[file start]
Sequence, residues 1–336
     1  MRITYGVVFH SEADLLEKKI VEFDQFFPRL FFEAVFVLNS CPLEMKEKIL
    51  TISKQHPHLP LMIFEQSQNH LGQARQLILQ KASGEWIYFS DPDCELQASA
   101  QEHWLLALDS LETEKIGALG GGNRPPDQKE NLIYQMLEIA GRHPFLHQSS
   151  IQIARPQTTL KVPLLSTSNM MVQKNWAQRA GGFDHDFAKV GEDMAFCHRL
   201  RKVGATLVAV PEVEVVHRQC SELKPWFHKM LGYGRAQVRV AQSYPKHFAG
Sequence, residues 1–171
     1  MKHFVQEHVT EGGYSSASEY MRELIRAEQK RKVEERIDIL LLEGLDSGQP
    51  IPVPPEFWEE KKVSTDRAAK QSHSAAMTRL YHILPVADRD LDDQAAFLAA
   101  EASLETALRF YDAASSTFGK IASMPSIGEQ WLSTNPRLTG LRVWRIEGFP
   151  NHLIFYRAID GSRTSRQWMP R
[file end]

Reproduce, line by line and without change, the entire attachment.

Sequence, residues 1–336
     1  MRITYGVVFH SEADLLEKKI VEFDQFFPRL FFEAVFVLNS CPLEMKEKIL
    51  TISKQHPHLP LMIFEQSQNH LGQARQLILQ KASGEWIYFS DPDCELQASA
   101  QEHWLLALDS LETEKIGALG GGNRPPDQKE NLIYQMLEIA GRHPFLHQSS
   151  IQIARPQTTL KVPLLSTSNM MVQKNWAQRA GGFDHDFAKV GEDMAFCHRL
   201  RKVGATLVAV PEVEVVHRQC SELKPWFHKM LGYGRAQVRV AQSYPKHFAG
Sequence, residues 1–171
     1  MKHFVQEHVT EGGYSSASEY MRELIRAEQK RKVEERIDIL LLEGLDSGQP
    51  IPVPPEFWEE KKVSTDRAAK QSHSAAMTRL YHILPVADRD LDDQAAFLAA
   101  EASLETALRF YDAASSTFGK IASMPSIGEQ WLSTNPRLTG LRVWRIEGFP
   151  NHLIFYRAID GSRTSRQWMP R